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The Almighty Buck IOS Patents Apple

Apple Files Patent For Digital Wallet and Virtual Currency 84 84

another random user writes "Apple has applied for a patent on a combined virtual currency and digital wallet technology that would allow you to store money in the cloud, make payments with your iPhone, and maybe communicate with point-of-sale terminals via NFC. The patent application, published [Thursday] by the U.S. Patent and Trademark Organization, details how iPhone users could walk into a store, pay for goods with their phone, and walk out with their merchandise. Though Apple is late to the virtual wallet game, that doesn't seem to stop them trying to patent the process. There does not appear to be anything in the patent application which describes something that can't already be done."
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Apple Files Patent For Digital Wallet and Virtual Currency

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  • by 140Mandak262Jamuna (970587) on Saturday June 08, 2013 @09:36AM (#43945695) Journal
    The patent process has recently changed from "first to invent" to "first to file". What is means is people who can demonstrate they already have invented it and been using it could not be sued. But you should have enough documentation to prove it. Also only the original invention gets this protection, not any enhancements. Others, even if they are aware of the invention being already deployed and in use, even if it is really obvious and non-novel do not get any protection by the claims of prior-art. They need to go to the courts and prove it is obvious and non-novel. But also if it has been in the market for one year, it is prior art, even if the original inventor did not file and some one else files for it after one year. And in software patents, if the feature is in the shipping code/product, even if there is no way for the user to access it, the feature is considered a released product and the one year clock starts ticking. We are adviced to use very strict #ifdef "patent_pending" #endif to protect all the special codes from getting into production builds.

    Caveat: This is the engineers understanding of the patent process as explained by the legal department. I won't bet even two cents on it being right.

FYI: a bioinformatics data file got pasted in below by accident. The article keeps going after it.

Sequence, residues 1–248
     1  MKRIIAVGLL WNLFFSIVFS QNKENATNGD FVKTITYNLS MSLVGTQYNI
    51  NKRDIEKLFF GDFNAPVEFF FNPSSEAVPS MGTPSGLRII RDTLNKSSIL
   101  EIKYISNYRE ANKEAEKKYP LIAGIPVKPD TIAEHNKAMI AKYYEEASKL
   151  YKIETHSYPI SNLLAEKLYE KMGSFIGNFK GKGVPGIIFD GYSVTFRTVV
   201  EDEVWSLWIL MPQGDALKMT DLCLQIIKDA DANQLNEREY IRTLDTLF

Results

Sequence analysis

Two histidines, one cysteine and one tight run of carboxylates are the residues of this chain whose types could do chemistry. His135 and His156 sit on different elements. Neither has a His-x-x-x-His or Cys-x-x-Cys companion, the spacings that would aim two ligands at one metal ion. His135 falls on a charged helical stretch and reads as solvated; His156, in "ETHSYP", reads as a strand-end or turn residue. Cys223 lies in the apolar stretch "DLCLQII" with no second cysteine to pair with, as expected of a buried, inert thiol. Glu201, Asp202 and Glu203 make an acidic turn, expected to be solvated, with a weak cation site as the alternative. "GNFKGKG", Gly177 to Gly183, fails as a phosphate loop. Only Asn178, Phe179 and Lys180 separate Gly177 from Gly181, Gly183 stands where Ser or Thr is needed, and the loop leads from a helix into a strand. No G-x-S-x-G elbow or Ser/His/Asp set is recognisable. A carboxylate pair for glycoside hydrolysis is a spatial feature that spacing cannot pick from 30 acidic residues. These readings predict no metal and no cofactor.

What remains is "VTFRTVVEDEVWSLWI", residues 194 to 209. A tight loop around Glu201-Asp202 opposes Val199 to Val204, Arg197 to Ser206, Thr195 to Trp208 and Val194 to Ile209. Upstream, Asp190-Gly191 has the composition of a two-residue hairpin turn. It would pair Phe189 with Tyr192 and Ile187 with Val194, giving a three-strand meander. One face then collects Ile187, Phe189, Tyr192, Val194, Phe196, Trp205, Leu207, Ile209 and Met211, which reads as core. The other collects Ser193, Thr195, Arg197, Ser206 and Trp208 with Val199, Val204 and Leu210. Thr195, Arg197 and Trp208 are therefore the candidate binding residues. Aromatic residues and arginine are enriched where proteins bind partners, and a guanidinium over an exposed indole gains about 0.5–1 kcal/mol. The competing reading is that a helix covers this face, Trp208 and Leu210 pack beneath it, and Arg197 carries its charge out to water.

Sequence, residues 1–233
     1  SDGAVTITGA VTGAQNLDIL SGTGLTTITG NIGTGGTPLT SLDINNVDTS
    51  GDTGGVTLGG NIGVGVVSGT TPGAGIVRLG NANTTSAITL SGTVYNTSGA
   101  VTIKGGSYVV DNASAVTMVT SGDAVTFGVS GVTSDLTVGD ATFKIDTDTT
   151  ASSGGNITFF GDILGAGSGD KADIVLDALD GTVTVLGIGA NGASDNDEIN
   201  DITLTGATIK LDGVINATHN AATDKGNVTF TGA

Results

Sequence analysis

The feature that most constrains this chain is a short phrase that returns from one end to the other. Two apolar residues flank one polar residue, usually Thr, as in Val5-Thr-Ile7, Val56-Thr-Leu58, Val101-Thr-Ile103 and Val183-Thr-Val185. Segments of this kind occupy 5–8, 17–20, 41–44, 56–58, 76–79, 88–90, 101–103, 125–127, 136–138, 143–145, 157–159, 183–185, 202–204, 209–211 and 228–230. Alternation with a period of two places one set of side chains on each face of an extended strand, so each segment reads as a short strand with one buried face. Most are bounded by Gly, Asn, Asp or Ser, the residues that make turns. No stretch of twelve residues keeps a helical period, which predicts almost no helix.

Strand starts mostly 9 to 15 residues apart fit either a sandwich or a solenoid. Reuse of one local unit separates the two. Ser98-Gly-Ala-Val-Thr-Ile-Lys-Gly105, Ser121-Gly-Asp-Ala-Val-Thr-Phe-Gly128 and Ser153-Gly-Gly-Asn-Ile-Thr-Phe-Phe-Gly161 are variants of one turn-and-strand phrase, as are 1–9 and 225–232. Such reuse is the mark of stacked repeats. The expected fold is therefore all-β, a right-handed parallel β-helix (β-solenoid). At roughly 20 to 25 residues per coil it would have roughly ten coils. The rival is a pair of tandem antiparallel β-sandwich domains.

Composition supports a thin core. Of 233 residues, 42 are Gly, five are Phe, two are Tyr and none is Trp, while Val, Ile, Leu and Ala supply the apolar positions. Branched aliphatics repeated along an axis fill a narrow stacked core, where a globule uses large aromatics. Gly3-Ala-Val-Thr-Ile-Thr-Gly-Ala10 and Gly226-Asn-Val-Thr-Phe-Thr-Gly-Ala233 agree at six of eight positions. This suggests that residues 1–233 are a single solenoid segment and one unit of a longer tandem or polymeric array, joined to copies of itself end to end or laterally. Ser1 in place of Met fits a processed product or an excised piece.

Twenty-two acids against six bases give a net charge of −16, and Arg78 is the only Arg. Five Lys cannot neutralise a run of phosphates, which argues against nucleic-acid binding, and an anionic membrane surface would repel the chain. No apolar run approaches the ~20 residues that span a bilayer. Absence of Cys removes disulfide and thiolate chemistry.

• Re:Existing Tech (Score:4, Informative)

    by Anonymous Coward on Saturday June 08, 2013 @09:41AM (#43945711)

    'Erm', it's called a Japanese cell phone from several years ago.

  • by StubNewellsFarm (1084965) on Saturday June 08, 2013 @09:56AM (#43945783)
    Whenever a patent story comes out, everyone's concerned about whether the patent will be used to lock up some obvious functionality. That's not why Apple gets patents. It works like this:

    1 - Apple gets patent

    2 - Apple sells patent to Irish subsidiary for small amount of money

    3 - Apple comes out with iPhone that incorporates patented technology.

    4 - Apple pays subsidiary royalty on patent for each iPhone sold

    In this way, Apple moves profit on iPhone sales from Apple itself to the subsidiary. The subsidiary is incorporated in Ireland, so it is not taxable in the US. The subsidiary's major operations are in the US, so it is not taxable in Ireland.

    Profit!! Tax-free!!

    Patents are no longer an IP strategy. They're a tax avoidance strategy.
  • by StubNewellsFarm (1084965) on Saturday June 08, 2013 @02:06PM (#43947085)
    When Apple sells an iPhone in, say, France, they pay a royalty to Apple Operations International for use of patents. This reduces the profits on the iPhone sale in France (so saves on French taxes) and shifts the money to Ireland (actually to nowhere - Apple Operations hasn't filed a tax return anywhere in years). But the patent royalty is on an "invention" made in California. Apple US should be making money (and paying taxes) on the patent royalties, but they don't. The true profit on the phone includes the money allocated to patent royalties, but Apple doesn't pay taxes anywhere on that portion.

Economists state their GNP growth projections to the nearest tenth of a percentage point to prove they have a sense of humor. -- Edgar R. Fiedler

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